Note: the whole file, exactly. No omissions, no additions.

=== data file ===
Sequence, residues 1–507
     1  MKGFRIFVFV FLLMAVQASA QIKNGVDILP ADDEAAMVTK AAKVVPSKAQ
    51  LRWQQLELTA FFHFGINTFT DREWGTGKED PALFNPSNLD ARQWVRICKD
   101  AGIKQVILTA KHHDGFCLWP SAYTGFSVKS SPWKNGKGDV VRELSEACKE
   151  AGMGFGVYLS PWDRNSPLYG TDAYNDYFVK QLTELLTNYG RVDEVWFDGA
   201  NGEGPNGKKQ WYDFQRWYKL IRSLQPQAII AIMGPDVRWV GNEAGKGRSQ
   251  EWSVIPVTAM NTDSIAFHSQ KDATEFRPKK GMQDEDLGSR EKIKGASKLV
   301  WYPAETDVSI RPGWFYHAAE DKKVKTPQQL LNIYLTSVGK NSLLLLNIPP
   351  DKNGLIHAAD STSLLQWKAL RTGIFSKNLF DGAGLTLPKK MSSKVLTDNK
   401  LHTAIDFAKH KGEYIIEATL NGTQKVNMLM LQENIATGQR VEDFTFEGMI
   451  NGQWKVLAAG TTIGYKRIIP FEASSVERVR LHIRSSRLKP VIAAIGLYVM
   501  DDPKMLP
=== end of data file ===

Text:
Sequence, residues 1–507
     1  MKGFRIFVFV FLLMAVQASA QIKNGVDILP ADDEAAMVTK AAKVVPSKAQ
    51  LRWQQLELTA FFHFGINTFT DREWGTGKED PALFNPSNLD ARQWVRICKD
   101  AGIKQVILTA KHHDGFCLWP SAYTGFSVKS SPWKNGKGDV VRELSEACKE
   151  AGMGFGVYLS PWDRNSPLYG TDAYNDYFVK QLTELLTNYG RVDEVWFDGA
   201  NGEGPNGKKQ WYDFQRWYKL IRSLQPQAII AIMGPDVRWV GNEAGKGRSQ
   251  EWSVIPVTAM NTDSIAFHSQ KDATEFRPKK GMQDEDLGSR EKIKGASKLV
   301  WYPAETDVSI RPGWFYHAAE DKKVKTPQQL LNIYLTSVGK NSLLLLNIPP
   351  DKNGLIHAAD STSLLQWKAL RTGIFSKNLF DGAGLTLPKK MSSKVLTDNK
   401  LHTAIDFAKH KGEYIIEATL NGTQKVNMLM LQENIATGQR VEDFTFEGMI
   451  NGQWKVLAAG TTIGYKRIIP FEASSVERVR LHIRSSRLKP VIAAIGLYVM
   501  DDPKMLP